1. The Education Gradebook

USF St. Petersburg chancellor Sullivan to leave in August

ST. PETERSBURG — Three and a half years after she was tapped to lead the University of South Florida St. Petersburg campus, Margaret Sullivan is stepping down from her post.

Though she was expected to stay on through at least summer 2013, Sullivan, 68, said she has decided to leave in August. The school is in a good place, she told the Tampa Bay Times on Monday morning, and she is ready to move on.

"Each year as you get older, you count the days and how you'll spend them," she said. "The institution has accomplished a great deal. Now it's on its own trajectory."

In a short letter to USF president Judy Genshaft, who was out of town, Sullivan thanked her for what has been a "wonderful challenge and a great opportunity." She vowed to work to ensure a smooth transition for a new leader.

Genshaft later sent her own letter to the USF community thanking Sullivan for guiding USF St. Petersburg "through challenging and defining times in its history."

"She leaves USF St. Petersburg as a strong, vibrant and forward-looking institution," Genshaft wrote.

She said she would appoint an interim leader in the coming days and launch a nationwide search for a permanent replacement.

Sullivan, a higher education accreditation expert, came to the campus in as interim chancellor in 2008 when USF St. Pete's accreditation was on probation. (Like other parts of the USF system, USF St. Pete's separate accreditation means it shares many central services with USF but is autonomous in governance and finances.)

Within six months, probation was lifted. By 2009, Genshaft removed the "interim" from Sullivan's title. She signed a contract for $250,000 a year.

When the Southern Association for Colleges and Schools returned to USF St. Petersburg for an update in 2011, it found just one minor problem: A handful of students were taking too many credits at USF Tampa to qualify under USF St. Petersburg's accreditation umbrella. Sullivan said she quickly rectified the situation.

Her mission, in other words, has been accomplished.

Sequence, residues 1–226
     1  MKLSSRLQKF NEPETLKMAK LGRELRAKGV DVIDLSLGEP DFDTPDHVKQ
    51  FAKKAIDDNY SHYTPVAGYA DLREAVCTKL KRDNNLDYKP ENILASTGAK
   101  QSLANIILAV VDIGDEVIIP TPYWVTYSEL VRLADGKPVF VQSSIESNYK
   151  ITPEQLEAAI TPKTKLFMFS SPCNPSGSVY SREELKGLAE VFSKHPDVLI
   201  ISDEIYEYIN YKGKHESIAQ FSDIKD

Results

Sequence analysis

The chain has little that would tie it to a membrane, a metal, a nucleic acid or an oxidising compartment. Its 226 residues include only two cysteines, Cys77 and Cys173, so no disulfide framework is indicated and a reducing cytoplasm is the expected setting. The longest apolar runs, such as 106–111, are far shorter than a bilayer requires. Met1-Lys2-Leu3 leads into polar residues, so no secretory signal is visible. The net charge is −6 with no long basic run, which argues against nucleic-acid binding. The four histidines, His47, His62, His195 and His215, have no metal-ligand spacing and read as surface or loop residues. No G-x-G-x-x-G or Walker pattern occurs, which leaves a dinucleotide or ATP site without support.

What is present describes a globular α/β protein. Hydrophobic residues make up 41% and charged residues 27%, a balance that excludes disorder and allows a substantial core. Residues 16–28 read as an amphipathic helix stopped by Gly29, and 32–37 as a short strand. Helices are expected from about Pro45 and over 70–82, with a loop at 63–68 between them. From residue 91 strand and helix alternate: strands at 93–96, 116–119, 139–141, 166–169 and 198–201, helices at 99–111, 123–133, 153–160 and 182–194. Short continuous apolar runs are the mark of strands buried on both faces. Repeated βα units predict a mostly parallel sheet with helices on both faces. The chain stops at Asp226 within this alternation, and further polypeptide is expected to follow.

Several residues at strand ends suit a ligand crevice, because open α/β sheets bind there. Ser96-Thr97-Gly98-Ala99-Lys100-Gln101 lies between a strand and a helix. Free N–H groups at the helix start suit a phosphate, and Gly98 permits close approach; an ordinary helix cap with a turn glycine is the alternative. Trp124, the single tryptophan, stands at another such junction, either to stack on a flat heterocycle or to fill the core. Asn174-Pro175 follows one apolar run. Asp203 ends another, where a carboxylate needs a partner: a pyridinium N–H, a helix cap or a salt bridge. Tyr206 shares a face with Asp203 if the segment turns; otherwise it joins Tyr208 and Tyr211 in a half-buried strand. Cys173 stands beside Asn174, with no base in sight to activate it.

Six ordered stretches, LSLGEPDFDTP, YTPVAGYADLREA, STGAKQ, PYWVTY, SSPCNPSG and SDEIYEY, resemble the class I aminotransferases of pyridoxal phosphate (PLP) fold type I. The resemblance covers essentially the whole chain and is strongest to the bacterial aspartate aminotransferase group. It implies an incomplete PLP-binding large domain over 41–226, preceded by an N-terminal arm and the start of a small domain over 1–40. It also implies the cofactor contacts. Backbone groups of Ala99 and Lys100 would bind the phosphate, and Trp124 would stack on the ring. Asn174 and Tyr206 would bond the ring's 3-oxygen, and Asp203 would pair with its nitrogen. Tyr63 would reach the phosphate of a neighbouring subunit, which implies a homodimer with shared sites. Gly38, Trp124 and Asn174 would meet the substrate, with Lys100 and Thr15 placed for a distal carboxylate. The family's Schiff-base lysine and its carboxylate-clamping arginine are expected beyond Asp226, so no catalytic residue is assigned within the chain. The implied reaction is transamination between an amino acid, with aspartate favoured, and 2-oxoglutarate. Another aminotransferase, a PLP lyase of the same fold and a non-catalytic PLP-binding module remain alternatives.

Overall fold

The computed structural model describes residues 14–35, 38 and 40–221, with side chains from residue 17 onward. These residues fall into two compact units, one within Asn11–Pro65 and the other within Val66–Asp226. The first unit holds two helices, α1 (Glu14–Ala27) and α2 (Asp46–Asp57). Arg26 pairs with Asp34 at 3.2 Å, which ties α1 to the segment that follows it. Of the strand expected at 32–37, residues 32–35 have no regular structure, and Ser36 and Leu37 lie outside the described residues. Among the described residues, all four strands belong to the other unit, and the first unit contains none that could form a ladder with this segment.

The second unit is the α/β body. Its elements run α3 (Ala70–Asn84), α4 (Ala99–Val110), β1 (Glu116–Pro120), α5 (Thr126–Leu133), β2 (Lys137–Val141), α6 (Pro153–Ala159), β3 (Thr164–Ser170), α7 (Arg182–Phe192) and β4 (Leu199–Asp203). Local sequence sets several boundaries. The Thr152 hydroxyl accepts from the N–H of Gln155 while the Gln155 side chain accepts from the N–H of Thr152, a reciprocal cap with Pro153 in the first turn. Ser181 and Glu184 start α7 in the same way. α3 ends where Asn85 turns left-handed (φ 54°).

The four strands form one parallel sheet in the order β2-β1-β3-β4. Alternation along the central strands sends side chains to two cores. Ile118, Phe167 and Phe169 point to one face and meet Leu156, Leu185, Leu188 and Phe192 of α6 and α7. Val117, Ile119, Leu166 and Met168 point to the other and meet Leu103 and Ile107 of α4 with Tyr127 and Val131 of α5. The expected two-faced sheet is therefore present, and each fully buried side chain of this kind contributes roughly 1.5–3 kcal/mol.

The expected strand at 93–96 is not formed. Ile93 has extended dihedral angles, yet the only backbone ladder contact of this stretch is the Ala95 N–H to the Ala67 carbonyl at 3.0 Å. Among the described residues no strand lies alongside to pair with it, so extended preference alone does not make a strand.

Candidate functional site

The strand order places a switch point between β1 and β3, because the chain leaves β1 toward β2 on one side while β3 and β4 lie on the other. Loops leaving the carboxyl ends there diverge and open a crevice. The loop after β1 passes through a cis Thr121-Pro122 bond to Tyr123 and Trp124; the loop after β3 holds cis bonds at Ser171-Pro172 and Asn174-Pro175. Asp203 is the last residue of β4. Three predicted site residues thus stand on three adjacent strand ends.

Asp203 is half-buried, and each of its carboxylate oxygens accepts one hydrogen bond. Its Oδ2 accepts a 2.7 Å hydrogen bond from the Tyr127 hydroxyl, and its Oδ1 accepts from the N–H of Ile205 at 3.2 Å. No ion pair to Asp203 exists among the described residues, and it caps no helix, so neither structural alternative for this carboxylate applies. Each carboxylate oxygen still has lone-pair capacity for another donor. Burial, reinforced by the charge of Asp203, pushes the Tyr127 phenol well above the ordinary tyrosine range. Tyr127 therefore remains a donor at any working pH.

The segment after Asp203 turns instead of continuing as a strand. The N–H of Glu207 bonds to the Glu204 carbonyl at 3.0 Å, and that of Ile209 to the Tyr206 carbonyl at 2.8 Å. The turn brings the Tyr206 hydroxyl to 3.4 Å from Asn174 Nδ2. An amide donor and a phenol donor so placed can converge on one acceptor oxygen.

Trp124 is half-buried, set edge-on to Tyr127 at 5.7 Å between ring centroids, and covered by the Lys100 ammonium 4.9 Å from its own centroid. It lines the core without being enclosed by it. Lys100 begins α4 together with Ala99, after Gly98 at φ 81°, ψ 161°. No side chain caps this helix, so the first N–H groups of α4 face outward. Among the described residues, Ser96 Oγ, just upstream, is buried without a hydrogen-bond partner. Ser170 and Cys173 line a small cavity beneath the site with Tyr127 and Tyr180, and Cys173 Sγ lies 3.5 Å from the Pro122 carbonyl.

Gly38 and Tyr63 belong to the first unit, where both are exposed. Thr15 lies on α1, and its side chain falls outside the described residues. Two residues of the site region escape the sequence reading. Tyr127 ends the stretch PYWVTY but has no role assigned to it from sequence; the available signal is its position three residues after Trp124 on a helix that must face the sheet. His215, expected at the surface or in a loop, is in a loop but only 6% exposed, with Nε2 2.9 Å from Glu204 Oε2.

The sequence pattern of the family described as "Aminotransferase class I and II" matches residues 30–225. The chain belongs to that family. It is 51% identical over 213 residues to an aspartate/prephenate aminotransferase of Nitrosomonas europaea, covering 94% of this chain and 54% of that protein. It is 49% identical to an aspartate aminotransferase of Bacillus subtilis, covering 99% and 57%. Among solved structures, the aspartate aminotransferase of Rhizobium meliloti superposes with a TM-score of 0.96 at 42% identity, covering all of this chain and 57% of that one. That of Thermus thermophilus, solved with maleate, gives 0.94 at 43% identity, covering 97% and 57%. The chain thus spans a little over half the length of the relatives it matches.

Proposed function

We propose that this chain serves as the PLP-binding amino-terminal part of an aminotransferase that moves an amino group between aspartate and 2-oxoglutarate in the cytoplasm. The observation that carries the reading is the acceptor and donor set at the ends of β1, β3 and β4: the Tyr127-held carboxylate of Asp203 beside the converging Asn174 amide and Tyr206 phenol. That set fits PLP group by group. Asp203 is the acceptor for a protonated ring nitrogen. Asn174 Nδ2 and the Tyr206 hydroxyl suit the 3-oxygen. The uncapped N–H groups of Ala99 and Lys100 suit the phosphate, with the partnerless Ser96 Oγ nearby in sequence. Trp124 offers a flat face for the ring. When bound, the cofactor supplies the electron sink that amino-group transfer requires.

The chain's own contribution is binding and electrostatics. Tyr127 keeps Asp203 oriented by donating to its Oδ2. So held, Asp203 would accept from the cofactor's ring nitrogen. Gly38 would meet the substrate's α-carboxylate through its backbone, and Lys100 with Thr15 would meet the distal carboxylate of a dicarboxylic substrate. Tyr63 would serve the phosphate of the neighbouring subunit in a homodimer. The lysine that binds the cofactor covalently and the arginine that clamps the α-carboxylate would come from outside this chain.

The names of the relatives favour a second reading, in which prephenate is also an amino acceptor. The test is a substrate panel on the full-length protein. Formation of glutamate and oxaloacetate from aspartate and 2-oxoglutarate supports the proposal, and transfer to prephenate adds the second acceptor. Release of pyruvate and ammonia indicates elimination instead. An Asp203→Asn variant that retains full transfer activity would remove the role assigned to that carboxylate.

And now, she said, "I think I'll take a nap."

Sullivan's departure comes as the school is bracing for a fifth straight year of budget cuts.

USF St. Pete's share of the total $300 million cut to the state university system is $5 million. USF Tampa's is almost $37 million.

To at least partially offset the loss, the USF system was just granted authority by the Florida Board of Governors to raise tuition 11 percent next year. The move follows several years of consistent 15 percent tuition hikes at every university in the state.

This year, USF asked for less than the 15 percent maximum allowed by law, following signals from the Board of Governors that the maximum hike would be a particularly tough sell this year, given Gov. Rick Scott's outspoken aversion to raising tuition.

It didn't sit well with Sullivan, who told members of the USF Board of Trustees when they voted on that amount a couple of weeks ago that not having that extra revenue would hit the branch campuses particularly hard.

Frustrated as she was, Sullivan said it didn't factor into Monday's announcement.

"The decision was made quite some time ago," she said.

In a letter to faculty, staff and students, Sullivan said she was confident "USFSP is headed in the right direction despite the financial challenges ahead."

Since February, there were hints that Sullivan was on her way out.

It was around the time that USF hired an outside search firm to find a replacement leader for the USF Polytechnic campus in Lakeland, or rather, the first president of what was about to become the independent Florida Polytechnic University. Sullivan was appointed head of a USF committee working with the firm.

But when USF officially hired R. William Funk and Associates, they signed a contract for not one senior-level position search, but two. The exact positions were not specified, but a spokesman later confirmed that Sullivan's job was one of a few possibilities on the table, citing the upcoming end date of her contract.

Sullivan concurs. She said the move didn't surprise her.

Indeed, Sullivan's 2009 job offer letter spells out that a search for a new chancellor would begin in the fall of 2012.

"An institution has to look out for its own interests," Sullivan said Monday.

From here, she will return to her home in north Georgia where her husband, children and grandchildren live.

She said she would likely continue to offer accreditation consulting services through her company, the Southeastern Consulting Group in Higher Education, which has helped hundreds of institutions in the southeastern United States, as well as Ecuador, Nicaragua, Mexico and the Virgin Islands. But for now, she said she'll likely stay around the Georgia area. "Unless the beach calls."

What advice does she have for her successor, when he or she is chosen?

"I think they should have a good sense of humor," Sullivan said.

Kim Wilmath can be reached at or (813) 226-3337.